By: Paul Roen
Earlier this year, the Measures of Effective Teaching (MET) Project released its final report. It was the culmination of a three-year investigation designed to synthesize practical understandings and best practices from the fragmented world of teacher evaluation. The project represents just one part of the larger effort to strengthen and standardize the measures that are used to judge teacher effectiveness. Since 2011, 39 states and the District of Columbia have agreed to revamp how they evaluate their teachers and principals in order to receive the ESEA flexibility waiver (along with other initiatives). Teacher evaluations, historically compliance-driven and low-stakes, now in many cases will include sophisticated value-added measures based on student test scores and carrying the expectation that the evaluations will impact decision making. Likewise, districts across the country are redesigning their teacher compensation systems to take into account evaluation scores. While individuals will argue the merits and deficits of these efforts, there can be no doubt that we are entering into the era of high-stakes teacher evaluation.
You and I are focused on blended learning — why should we care about teacher evaluation? If we see blended learning as a “disruptive innovation,” then we need to be aware when states start codifying what effective teaching looks like and attaching real world consequences (salary, tenure, retention, etc.) to those evaluation systems. We need to recognize that no school reform initiative happens in a vacuum and that the work that is done in teacher evaluation will invariably spill over into the work we do in blended learning. We need to make sure that there is space under new evaluation systems for teachers and schools to innovate, take risks, and develop new practices around blended learning. To this point I believe there are three main areas where those of us in blended learning must push policy makers in regards to teacher evaluation:
Observation tools should be able to be tailored to the blended learning model, so that teachers can receive formative feedback that is specific to the environment where they teach. The phrase “Uses Technology” with a checkbox next to it is not going to provide guidance that helps a teacher improve their practice around instructional software. We need teacher observation rubrics designed for different blended models that are recognized as valid and that can be used to supplement the observation tools already adopted by districts and states.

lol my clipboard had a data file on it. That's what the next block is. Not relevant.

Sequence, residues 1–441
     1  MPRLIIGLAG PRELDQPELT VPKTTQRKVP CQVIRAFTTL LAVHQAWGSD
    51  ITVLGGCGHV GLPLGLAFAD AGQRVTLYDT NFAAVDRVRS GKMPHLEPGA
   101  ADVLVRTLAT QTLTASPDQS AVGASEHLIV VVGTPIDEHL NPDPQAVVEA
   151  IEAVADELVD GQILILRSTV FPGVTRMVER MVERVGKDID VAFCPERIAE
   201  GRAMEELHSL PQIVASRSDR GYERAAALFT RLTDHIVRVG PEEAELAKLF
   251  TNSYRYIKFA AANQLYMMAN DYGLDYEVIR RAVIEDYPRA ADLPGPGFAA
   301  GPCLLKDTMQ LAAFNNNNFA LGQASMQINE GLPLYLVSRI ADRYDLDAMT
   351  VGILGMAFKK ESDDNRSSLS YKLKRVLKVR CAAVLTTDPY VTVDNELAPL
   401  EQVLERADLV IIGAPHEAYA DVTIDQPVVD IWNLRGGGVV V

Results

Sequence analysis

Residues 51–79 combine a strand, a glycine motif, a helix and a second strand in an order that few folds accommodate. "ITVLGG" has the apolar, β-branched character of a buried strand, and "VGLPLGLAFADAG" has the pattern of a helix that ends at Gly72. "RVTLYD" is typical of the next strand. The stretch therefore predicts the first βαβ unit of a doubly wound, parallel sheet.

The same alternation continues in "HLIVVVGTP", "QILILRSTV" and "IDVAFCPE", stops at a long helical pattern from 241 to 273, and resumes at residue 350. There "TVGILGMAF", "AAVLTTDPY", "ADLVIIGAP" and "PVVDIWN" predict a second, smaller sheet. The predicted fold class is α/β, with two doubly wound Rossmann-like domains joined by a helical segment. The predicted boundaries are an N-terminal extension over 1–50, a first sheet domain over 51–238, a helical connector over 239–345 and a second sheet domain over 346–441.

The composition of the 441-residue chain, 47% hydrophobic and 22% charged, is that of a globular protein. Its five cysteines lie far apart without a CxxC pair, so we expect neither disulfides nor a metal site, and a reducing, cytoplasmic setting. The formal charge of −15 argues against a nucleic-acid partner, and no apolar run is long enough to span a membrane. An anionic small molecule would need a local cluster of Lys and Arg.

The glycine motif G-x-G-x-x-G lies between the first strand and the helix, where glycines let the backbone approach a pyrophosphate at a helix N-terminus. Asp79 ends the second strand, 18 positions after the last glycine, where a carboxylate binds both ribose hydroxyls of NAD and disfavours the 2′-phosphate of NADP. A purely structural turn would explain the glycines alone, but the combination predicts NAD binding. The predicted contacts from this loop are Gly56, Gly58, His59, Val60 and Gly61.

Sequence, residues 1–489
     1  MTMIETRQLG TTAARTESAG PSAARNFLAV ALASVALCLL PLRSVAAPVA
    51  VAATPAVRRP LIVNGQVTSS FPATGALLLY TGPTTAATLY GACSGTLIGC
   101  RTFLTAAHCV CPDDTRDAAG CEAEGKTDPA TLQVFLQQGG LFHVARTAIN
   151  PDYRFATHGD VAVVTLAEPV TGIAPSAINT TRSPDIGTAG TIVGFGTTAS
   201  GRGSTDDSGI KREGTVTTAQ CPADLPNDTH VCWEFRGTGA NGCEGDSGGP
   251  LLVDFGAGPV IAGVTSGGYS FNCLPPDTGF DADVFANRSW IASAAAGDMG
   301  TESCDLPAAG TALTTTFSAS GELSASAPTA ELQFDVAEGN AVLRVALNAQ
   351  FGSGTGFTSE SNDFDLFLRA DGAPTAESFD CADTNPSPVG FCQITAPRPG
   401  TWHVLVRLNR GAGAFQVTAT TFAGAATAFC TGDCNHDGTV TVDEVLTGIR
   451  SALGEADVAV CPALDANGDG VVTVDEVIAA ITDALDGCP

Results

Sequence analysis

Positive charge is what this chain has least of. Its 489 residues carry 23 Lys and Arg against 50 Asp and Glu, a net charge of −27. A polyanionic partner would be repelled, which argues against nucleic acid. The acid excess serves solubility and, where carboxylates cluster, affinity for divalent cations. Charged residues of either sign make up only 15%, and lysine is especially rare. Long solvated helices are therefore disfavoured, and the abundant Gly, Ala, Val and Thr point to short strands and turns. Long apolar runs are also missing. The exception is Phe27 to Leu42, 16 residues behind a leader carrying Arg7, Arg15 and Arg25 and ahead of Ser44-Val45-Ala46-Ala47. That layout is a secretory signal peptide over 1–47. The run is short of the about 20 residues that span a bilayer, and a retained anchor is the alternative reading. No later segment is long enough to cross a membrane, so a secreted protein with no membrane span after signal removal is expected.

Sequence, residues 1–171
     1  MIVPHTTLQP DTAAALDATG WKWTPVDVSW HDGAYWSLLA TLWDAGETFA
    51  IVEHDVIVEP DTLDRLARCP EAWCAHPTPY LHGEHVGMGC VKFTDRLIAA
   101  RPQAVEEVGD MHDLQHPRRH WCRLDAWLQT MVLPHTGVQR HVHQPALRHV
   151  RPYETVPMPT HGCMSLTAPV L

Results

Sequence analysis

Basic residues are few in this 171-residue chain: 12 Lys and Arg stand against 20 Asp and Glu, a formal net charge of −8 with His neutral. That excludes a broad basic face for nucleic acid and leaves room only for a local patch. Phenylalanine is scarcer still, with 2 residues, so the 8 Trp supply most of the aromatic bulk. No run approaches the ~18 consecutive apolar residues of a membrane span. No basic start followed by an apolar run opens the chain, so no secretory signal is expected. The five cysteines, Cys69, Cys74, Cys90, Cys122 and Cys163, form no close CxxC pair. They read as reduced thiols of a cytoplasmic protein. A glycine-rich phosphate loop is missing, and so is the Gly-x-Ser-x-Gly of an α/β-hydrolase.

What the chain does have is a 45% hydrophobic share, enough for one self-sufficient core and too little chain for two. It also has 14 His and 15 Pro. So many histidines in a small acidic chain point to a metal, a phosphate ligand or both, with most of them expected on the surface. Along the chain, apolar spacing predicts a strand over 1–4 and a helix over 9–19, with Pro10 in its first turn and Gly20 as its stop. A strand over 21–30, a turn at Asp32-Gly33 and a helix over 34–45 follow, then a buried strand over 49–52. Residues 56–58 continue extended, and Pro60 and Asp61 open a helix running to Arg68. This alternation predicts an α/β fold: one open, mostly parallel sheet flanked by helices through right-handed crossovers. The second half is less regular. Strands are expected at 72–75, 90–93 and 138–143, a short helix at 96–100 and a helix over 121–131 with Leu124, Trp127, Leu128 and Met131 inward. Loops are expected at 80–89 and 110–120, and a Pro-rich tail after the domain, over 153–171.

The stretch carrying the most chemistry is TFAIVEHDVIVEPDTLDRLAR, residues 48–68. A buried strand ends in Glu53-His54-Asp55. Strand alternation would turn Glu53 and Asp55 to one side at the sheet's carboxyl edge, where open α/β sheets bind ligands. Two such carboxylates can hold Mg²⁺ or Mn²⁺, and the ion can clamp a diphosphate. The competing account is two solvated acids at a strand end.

Evaluation systems should recognize the different educator roles created by blended learning. Whether the teacher is working remotely in a virtual school or leading intervention with rotating groups of students across grade levels, we need evaluation systems that accurately capture the educator’s impact on student growth and achievement. This is especially the case for evaluation systems that rely heavily upon value-added scores for determining teacher effectiveness.
Evaluation systems should help us to gauge the quality of the software we implement. The tools for measuring teacher-value added are improving and should continue to improve with the switch to Common Core assessments. If we can use the new wealth of data to judge software value-added using the same scale teacher value-added, we will have taken a major step towards proving the value of blended learning to the larger education community.
I recognize that currently there is little pressure for people working on teacher evaluation to reach out to the blended learning community, but we should still take this opportunity to engage them. Value-added teacher evaluation and blended learning are in their early stages, however the space between them will shrink in the coming years as both define and redefine the practice of teaching. We need to engage early or risk being ignored or delayed in making our contribution to improving student outcomes.
Originally posted on Blend My Learning [Innovate, Transform, Share] July 11, 2013